Why Should We Care

They are resilient people who have an intuitive way of bouncing back after an upset or moving forward despite the odds—and they teach the rest of us how to do the same.  They are instructive and inspiring to others, simply by how they live and interact.  They provide a concrete and consistent model of how developing an inner-awareness is essential to thrive.  People with Self-Assurance actually seek out challenges that put themselves to the test—always fine-tuning along the way in an effort to ensure their success, progress, and personal evolution.  They can often do what most people cannot or will not.  When it comes to working with others, they are generally motivating and respectful, and they often have a highly developed sense of tact, which can be very charismatic.  So, while they are high-achieving, they do not generally steamroll others, preferring to avoid conflict, confrontation, and power-struggles, if possible.  That said, they also don’t look for buy-in or consensus before moving forward, either.  If they know what they want to do and feel that it’s right, they move ahead and take action confidently—they don’t need the approval of other people to get moving and they are comfortable going it alone.  An awareness of the fact that each person perceives and experiences the world differently is central to their world view, which is why they are not concerned with getting complete cooperation before taking action.  They remind us of our sovereign agency and personal power to create change in our lives.  They inspire us to truly go for it.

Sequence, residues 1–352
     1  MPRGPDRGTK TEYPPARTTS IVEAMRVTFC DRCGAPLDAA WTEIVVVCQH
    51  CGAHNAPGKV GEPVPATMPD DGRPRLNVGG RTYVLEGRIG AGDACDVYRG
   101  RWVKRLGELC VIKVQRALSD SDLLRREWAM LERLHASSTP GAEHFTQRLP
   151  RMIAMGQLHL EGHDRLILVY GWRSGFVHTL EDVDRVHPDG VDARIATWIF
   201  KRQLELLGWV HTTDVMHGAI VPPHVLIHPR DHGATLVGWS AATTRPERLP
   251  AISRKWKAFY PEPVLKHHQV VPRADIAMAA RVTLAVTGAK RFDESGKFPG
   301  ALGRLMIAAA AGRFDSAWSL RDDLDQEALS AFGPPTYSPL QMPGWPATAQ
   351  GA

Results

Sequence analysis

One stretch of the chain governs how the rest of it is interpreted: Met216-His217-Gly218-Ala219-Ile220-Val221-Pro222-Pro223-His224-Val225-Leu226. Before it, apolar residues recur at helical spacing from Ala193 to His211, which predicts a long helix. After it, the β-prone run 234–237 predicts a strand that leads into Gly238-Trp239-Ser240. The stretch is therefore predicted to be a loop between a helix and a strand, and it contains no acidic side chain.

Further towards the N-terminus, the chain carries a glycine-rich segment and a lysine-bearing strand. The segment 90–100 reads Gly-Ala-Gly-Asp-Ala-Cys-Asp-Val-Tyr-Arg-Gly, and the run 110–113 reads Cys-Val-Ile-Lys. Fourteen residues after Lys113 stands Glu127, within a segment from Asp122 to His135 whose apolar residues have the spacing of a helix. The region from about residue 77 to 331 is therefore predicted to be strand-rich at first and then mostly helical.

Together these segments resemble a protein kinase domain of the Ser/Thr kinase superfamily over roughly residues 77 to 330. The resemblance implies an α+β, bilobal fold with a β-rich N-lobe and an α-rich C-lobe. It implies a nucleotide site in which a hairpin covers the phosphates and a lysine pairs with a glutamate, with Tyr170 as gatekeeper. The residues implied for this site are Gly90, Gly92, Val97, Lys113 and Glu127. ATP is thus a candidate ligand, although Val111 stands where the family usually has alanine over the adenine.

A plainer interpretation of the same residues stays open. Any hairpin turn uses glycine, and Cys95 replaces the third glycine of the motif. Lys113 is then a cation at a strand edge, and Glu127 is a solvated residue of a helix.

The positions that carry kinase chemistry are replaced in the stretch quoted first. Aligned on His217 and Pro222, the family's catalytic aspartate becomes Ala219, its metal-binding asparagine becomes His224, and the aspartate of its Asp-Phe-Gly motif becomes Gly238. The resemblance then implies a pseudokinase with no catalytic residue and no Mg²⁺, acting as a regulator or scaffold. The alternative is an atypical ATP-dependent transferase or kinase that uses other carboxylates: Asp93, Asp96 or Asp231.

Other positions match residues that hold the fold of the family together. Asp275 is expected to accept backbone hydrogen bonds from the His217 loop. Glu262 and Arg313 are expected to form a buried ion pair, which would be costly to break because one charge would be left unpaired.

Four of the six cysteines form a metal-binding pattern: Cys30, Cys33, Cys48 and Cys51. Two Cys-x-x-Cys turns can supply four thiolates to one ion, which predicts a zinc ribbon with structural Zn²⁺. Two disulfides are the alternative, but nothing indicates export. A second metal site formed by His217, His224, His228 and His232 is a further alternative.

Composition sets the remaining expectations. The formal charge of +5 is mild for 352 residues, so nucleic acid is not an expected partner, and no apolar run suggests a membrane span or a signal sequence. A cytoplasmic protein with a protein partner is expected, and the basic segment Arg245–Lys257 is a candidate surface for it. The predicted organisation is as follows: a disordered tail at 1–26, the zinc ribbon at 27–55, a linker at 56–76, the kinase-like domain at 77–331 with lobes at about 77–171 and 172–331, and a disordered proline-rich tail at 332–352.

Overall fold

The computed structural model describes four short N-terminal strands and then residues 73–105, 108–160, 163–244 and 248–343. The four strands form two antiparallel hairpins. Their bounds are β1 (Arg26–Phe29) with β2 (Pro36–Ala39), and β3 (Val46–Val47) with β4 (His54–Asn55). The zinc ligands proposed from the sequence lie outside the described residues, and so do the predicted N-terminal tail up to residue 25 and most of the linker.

Ten Things to Know About People with SELF-ASSURANCE

1. Awareness. Self-Assurance is about more than simple confidence.  It’s about self-awareness—folks with this strength know what they are capable of, to be sure; but they are also aware of what they are incapable of—what they cannot do, too.  And, they are comfortable with it.  They are not into peacocking or appearances, they like what is real—a Strengths-mindset naturally makes sense to them—so, they are at ease letting someone else do what they cannot do.